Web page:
The rickshaw pullers of Kolkata

The April issue of National Geographic has a nice feature on the rickshaw pullers of Kolkata, including aRickshaw
collection of Ami Vitale’s riveting photos on an endangered occupation. I’ve been on cycle rickshaws before, but never even seen the hand-pulled ones, which seem to belong to a bygone era, when the invention of the wheel transformed the ancient public transportation system, eliminating the need for piggy-back rides.

In the narrow side streets known as the lanes, loud honking is the
signal that a taxi or even a small truck is about to round the corner
and come barreling down a space not meant for anything wider than a
bicycle. But occasionally, during a brief lull in the honking, I’d hear
the tinkling of a bell behind me. An American who has watched too many
Hallmark Christmas specials might turn around half expecting to see a
pair of draft horses pulling a sleigh through snowy woods. But what
came into view was a rickshaw. Instead of being pulled by a horse, it
was being pulled by a man—usually a skinny, bedraggled, barefoot man
who didn’t look quite up to the task. [Link]

They’re skinny, bedraggled and barefoot, but undoubtedly possess more strength and endurance than many professional athletes, particularly the ones who hit balls into holes. Looking at Vitale’s pictures, I can’t help feeling a mixture of awe and sympathy. They work so hard for so little. But they make an honest living and provide a good service. And they’re in relatively good health, though one of them did suffer a heart attack recently when a customer gave him a tip.

For years the government has been talking about eliminating hand-pulled
rickshaws on what it calls humanitarian grounds—principally on the
ground that, as the mayor of Kolkata has often said, it is offensive to
see “one man sweating and straining to pull another man.” [Link]

Humanitarian grounds? I wonder if the mayor has told the rickshaw wallahs about this.

Mayor: "We feel sorry for you and we want to help you."

Rickshaw wallah: "Thank you, kind sir. How are you going to help us?"

Mayor: "We are going to eliminate your jobs."

Rickshaw wallah: "Oh thank you. Thank you so much. We really didn’t like such demeaning jobs."

Mayor: "What are you going to do now?"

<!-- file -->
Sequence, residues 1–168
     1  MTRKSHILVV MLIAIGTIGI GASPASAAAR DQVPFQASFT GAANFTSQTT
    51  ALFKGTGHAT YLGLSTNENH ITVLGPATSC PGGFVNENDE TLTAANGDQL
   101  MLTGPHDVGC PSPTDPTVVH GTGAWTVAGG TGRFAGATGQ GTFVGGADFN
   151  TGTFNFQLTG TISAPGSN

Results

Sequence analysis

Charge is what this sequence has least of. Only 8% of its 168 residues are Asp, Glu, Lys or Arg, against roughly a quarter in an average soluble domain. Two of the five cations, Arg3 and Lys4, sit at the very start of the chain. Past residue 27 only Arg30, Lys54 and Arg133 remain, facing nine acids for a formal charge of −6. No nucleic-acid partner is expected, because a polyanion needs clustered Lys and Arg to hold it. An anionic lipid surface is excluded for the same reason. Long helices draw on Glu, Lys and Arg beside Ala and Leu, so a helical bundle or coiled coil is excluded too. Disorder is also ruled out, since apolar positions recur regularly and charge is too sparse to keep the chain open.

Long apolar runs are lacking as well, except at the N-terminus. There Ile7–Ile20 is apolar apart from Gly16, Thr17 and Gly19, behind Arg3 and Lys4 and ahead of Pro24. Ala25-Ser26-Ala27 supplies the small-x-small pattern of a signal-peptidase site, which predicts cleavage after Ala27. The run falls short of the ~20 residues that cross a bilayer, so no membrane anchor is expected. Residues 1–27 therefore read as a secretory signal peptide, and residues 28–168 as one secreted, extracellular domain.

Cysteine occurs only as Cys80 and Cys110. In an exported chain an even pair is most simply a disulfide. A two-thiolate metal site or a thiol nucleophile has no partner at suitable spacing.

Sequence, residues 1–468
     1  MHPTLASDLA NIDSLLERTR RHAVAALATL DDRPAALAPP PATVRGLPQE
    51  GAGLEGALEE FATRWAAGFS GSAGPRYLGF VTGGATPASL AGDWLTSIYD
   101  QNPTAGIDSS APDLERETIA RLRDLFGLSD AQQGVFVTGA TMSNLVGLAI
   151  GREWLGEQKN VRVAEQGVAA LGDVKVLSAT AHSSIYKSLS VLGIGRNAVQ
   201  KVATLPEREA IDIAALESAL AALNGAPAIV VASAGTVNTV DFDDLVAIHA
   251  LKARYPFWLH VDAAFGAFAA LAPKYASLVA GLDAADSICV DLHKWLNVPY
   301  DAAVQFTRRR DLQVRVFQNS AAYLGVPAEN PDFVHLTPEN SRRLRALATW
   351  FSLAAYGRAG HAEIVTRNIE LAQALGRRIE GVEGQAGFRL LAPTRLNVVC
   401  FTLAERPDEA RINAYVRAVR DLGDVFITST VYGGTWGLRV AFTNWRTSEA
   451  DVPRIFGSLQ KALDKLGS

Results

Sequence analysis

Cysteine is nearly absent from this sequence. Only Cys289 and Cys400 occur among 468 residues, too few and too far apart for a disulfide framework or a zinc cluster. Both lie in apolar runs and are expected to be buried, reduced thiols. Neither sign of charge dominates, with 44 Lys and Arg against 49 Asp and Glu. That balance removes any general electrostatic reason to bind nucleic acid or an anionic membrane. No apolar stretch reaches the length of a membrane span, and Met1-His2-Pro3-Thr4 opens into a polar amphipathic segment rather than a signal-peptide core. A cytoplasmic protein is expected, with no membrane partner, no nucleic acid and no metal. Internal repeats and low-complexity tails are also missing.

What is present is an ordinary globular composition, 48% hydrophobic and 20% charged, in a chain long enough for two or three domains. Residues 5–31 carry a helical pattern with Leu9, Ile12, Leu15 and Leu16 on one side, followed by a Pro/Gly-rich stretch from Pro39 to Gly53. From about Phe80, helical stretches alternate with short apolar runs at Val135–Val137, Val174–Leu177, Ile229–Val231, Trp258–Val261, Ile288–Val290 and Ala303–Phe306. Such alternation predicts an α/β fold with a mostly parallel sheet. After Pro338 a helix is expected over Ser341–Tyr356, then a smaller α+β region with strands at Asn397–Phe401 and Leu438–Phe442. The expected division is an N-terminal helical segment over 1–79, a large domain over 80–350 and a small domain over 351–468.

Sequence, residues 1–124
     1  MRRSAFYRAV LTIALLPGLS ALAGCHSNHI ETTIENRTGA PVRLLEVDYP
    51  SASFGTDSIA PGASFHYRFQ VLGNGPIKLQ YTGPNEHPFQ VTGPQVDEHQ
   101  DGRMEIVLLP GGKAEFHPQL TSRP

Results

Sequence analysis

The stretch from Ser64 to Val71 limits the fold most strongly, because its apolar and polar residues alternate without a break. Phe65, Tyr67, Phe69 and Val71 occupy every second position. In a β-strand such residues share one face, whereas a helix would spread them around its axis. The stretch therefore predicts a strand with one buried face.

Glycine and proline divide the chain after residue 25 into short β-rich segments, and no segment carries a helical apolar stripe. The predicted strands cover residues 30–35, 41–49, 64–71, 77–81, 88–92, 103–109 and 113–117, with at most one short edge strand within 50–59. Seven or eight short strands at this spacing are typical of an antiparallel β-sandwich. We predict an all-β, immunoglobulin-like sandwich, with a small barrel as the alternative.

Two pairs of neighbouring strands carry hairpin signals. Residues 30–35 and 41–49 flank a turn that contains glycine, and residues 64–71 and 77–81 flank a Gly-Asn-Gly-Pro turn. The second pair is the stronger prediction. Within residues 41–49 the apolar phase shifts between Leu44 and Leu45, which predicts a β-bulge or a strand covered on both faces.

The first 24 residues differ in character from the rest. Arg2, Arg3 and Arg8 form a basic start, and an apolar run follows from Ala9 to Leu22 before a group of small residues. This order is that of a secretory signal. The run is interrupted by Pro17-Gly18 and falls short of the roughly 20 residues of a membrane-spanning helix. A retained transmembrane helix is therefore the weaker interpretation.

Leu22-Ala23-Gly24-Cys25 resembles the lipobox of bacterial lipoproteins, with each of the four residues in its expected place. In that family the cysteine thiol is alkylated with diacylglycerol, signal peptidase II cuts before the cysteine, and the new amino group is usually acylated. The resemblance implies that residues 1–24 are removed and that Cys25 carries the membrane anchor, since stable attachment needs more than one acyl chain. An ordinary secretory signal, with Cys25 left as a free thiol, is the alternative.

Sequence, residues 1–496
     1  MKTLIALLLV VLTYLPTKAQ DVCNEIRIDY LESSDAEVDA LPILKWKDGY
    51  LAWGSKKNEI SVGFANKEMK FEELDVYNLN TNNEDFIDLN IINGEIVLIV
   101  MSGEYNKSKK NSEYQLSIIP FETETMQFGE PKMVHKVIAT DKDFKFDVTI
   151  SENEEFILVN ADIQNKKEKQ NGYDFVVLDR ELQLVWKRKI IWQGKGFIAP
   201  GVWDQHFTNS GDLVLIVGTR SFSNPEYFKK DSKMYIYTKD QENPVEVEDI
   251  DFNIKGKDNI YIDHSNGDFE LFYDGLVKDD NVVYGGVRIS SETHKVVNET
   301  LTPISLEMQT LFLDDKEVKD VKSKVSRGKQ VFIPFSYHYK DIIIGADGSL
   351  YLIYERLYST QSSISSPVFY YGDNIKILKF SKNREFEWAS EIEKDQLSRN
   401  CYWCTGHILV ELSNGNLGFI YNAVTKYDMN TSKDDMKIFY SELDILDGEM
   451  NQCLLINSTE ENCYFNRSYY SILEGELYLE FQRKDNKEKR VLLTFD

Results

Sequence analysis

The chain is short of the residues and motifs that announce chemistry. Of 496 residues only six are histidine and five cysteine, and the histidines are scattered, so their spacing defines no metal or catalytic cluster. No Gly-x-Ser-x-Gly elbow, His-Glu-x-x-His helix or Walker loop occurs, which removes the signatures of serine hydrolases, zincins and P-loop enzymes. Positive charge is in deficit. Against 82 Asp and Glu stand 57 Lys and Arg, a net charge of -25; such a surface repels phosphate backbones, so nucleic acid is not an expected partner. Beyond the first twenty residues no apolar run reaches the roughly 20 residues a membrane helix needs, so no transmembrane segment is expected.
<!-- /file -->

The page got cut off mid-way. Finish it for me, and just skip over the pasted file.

Rickshaw wallah: "Oh, probably what we were doing before: begging."

When I asked one rickshaw wallah if he thought the government’s plan to
rid the city of rickshaws was based on a genuine interest in his
welfare, he smiled, with a quick shake of his head—a gesture I
interpreted to mean, “If you are so naive as to ask such a question, I
will answer it, but it is not worth wasting words on.” Some rickshaw
wallahs I met were resigned to the imminent end of their livelihood and
pin their hopes on being offered something in its place. … One day a city official handed me a report from the municipal
government laying out options for how rickshaw wallahs might be
rehabilitated.

“Which option has been chosen?” I asked, noting that the report was dated almost exactly a year before my visit.

“That hasn’t been decided,” he said.

“When will it be decided?”

“That hasn’t been decided,” he said. [Link]

But you have to give the government credit. They have at least called a meeting to decide when they’re going to decide when they’re going to decide.

If you enjoyed this piece, you'll love Melvin's novel Bala Takes the Plunge, available in North America through Amazon.com and McNallyRobinson.com You can also find it at major bookstores in India and Sri Lanka or online at FlipKart, IndiaPlaza, FriendsofBooks or other sites. A number of readers have written reviews of the novel. An excerpt of the novel can be read here.

Comments

  1. Fantastic article. Please send it for publication in some newspaper or magazine from West Bengal- I would suggest- Telegraph or Statesman. It will come to the notice of those WB government fellows and something positive might come out from it.

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